Category Archives: John Wesley

If only

John Wesley by William Hamilton

John Wesley preaching, by William Hamilton [Public domain], via Wikimedia Commons


On Sunday Christians of all branches of the church make their eager way to their favourite church, there to be joined by some of their best friends in a congregation come to participate in an act of worship. They would not miss it. Over the years, Sunday by Sunday, it has meant so much to them. Recharging their batteries, some would say. And so they came expectant that they would have a good sing – favourite hymns known and loved that warmed the heart; prayers couched in concern and love. And perhaps more likely they came hoping to be challenged, inspired, to hear a sermon that was both a revelation and relevant to their personal circumstances and need. They were seldom disappointed, their minister was a marvellous preacher. He knew what to say and how to say it. He could send them home with their batteries charged, faith refreshed, fears and doubts removed, and pointed them to the next step on their Christian journey. That is what they liked about their minister, he was nicely sure, always positive, left them in no doubt of where he stood and where the Lord was leading.

All well and good but I suspect it not to be the whole story. I suspect there were days when some set off for home in a different frame of mind. When they went home from church thinking – it was a marvellous, informative and challenging message. Recalling the sermon, reluctantly and timorously they found themselves saying, I do not think I could subscribe to that statement. If only I could be sure! If only.

I can feel uncomfortable in the company of the eternal optimist for whom life always seems to be going well. We have them in church, vociferous rather than tactful. Good folk, faithful and devoted to doing the will of God, but a testimony spoilt somewhat in the impression given that unlike some of us they have direct access to God: a hotline to heaven with all the answers to personal dilemmas, doubts and fears. One suspects that what is given as personal testimony is sometimes no more than an expression of personal indulgence. In their presence the if only disciple is vulnerable and feels his/her faith is decreed not big enough. There are occasions when we have no right even to contemplate to speak for God. I have heard some appalling (maybe well-intentioned) comments made at the side of a hospital bed, or a home where tragedy has struck. I have had to bite my tongue and leave any discussion about the Providence of God to another and more appropriate time. The more encouraging testimony is that which listens, questions and who can say no more than if only. If only I could be sure! There is no reason to consider ourselves to be inferior believers; no need to be ashamed. We are in good company. Dr Leslie Weatherhead, one of last century’s pulpit giants, who in his day brought many people to faith, towards the end of his ministry caused quite a stir in certain Christian circles when he wrote a book that described the inner turmoil with which he had to contend for most of his life. He called the book Christian Agnostic. I do not know about you, but I can identify with him. I too have doubts and questions, times when I am agnostic about aspects of faith and believing.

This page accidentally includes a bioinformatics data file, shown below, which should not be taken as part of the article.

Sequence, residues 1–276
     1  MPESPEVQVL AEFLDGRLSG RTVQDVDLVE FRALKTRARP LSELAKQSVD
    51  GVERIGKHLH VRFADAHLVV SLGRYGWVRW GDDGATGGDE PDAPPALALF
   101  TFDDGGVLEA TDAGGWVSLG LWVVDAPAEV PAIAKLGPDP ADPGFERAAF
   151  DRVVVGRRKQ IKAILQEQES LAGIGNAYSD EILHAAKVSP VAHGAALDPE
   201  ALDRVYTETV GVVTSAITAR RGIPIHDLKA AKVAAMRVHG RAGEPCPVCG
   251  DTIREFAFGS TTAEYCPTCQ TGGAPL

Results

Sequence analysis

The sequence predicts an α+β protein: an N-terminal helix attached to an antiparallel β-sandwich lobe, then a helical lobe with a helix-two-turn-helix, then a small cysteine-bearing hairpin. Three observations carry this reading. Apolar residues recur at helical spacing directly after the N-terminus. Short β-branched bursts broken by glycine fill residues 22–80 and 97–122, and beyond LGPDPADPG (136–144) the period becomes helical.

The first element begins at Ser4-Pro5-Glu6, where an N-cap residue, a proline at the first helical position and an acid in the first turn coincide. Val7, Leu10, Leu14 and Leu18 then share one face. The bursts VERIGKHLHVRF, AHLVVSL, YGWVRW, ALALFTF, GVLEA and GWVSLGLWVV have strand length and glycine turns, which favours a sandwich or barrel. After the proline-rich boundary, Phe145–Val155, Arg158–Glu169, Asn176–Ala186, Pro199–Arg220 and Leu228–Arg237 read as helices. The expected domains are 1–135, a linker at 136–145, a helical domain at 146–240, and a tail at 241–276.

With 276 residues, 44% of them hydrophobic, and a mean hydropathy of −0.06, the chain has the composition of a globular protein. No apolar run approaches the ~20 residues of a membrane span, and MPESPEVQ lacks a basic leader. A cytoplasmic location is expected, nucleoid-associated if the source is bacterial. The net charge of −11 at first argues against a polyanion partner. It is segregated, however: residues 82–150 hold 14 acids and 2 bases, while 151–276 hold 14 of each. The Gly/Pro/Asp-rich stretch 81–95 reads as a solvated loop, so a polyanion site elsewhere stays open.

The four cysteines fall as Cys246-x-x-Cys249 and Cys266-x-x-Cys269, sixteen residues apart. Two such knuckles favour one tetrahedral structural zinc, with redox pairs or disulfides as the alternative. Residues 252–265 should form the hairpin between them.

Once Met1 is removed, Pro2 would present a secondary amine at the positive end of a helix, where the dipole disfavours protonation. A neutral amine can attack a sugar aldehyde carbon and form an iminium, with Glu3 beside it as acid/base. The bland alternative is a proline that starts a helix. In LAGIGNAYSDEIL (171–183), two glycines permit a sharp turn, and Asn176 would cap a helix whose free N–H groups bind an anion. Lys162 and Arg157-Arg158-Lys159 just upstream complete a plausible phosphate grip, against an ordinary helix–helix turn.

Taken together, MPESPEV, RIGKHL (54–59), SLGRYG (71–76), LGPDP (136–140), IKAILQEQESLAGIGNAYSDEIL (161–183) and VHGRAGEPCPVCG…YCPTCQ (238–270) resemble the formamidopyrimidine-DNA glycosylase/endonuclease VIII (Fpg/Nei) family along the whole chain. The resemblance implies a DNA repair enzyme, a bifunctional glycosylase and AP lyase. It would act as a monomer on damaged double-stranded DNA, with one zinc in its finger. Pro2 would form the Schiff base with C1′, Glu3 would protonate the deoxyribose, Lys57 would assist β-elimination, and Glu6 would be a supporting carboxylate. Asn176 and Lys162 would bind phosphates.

How can we be sure about God? Maybe the high priests and prophets of new-age atheism have got something valid and authentic. If only – how can we be sure about God? It depends on what kind of assurance we want – if is logical proof or mathematical certainty we require, we are headed for disappointment. Studying for my preacher’s exams before being an accepted candidate for ordained ministry, I was introduced to what were known as Proofs for the existence of God. What were those proofs?

  1. The world of nature pointed to God.
  2. The moral order in the world directed our gaze to God.